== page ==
The emotion identification allows the adaptation of systems and machines to the person needs. Specifically, an adaptable system that can read/decode a person's emotions and help him/her regulate them may be developed. For instance, in children with Autism Spectrum Disorders, who have difficulties in managing their emotions, a system able to identify emotions would be of great help. This system could be helpful in categorizing valence (positive or negative) and the intensity of different emotions, which could then enable appropriate actions from the children's formal and informal caregivers to aid in the regulations of such emotions.

The proposed method allows the biometric and emotion identification with performances comparable to those that have been previously shown in the literature. Also, the method does not require the ECG wave delineation and, therefore, the preprocessing error is expected to decrease.

Ethics Statement

This study and protocol was carried out in accordance with the recommendations of University of Aveiro with written informed consent from all subjects. All subjects gave written informed consent in accordance with the Declaration of Helsinki.

Author Contributions

SB, JF, SS, AP contributed to the work that culminates on the present paper. All of the authors were involved in the conception or design of the work, in the revision of the manuscript and they all approved the final version. SB was responsible for the analysis of data and all the authors contributed to the interpretation of data. JF collected the data, under the supervision of SS. Both JF and SS were responsible for the protocol design.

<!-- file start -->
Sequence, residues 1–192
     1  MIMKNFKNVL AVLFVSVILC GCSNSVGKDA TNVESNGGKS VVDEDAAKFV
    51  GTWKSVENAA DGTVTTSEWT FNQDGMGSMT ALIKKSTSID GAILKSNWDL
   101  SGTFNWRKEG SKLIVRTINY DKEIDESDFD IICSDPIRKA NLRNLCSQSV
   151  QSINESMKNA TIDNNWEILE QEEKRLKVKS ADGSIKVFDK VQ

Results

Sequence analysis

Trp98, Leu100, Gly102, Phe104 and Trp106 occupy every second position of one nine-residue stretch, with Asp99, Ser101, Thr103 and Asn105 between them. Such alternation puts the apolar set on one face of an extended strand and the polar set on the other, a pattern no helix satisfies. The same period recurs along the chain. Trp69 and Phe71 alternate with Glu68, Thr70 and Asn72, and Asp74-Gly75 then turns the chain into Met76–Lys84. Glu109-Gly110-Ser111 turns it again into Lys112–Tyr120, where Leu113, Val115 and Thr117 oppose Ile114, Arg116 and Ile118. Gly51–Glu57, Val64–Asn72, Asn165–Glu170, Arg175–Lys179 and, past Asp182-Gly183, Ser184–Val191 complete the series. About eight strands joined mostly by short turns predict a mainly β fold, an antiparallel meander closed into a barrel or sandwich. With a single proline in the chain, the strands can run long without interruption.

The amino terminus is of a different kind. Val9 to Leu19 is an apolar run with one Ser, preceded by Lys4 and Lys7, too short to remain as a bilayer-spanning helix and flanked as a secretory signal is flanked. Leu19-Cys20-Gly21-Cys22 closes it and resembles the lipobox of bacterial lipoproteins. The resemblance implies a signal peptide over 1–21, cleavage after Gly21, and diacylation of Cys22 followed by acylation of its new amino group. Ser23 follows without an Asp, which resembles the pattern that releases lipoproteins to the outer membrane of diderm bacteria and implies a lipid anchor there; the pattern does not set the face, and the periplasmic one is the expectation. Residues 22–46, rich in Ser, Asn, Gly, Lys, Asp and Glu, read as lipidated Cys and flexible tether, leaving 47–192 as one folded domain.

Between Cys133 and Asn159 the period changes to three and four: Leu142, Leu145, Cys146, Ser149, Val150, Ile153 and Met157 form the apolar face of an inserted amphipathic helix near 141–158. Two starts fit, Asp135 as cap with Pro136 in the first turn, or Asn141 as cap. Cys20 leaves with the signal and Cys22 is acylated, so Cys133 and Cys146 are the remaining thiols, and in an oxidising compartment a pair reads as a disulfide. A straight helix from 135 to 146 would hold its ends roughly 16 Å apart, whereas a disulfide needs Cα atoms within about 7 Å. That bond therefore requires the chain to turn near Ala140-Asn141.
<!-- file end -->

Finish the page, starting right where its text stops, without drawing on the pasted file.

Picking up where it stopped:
This work was supported by the European Regional Development Fund (FEDER), and FSE through the COMPETE2020 programme and by the Portuguese Government through FCT—Foundation for Science and Technology, in the scope of the projects UID/CEC/00127/2013 (IEETA/UA), CMUP-ERI/FIA/0031/2013 (VR2Market), PTDC/EEI-SII/6608/2014, and UID/IC/4255/2013 (CINTESIS, supported by FEDER through the operation POCI-01-0145-FEDER-007746 funded by the Programa Operacional Competitividade e Internacionalizao COMPETE2020 and by National Funds through FCT—Fundao para a Ciłncia). SB acknowledges the Post-doc Grant from FCT, ref. SFRH/BPD/92342/2013. JF acknowledges the Doctoral Grant from FCT, ref. SFRH/BD/85376/2012.

Conflict of Interest Statement

The authors declare that the research was conducted in the absence of any commercial or financial relationships that could be construed as a potential conflict of interest.

The reviewer, MJ, and handling Editor declared their shared affiliation.


We acknowledge all the participants for their involvement in the study.


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Keywords: biometrics, emotion, quantization, data compression, Kolmogorov complexity

Citation: Brás S, Ferreira JHT, Soares SC and Pinho AJ (2018) Biometric and Emotion Identification: An ECG Compression Based Method. Front. Psychol. 9:467. doi: 10.3389/fpsyg.2018.00467

Received: 25 July 2017; Accepted: 19 March 2018;
Published: 04 April 2018.

Edited by:

Dirk Heylen, University of Twente, Netherlands

Reviewed by:

Jiri Pribil, Institute of Measurement Science (SAS), Slovakia
Michel-Pierre Jansen, University of Twente, Netherlands

Copyright © 2018 Brás, Ferreira, Soares and Pinho. This is an open-access article distributed under the terms of the Creative Commons Attribution License (CC BY). The use, distribution or reproduction in other forums is permitted, provided the original author(s) and the copyright owner are credited and that the original publication in this journal is cited, in accordance with accepted academic practice. No use, distribution or reproduction is permitted which does not comply with these terms.

*Correspondence: Susana Brás,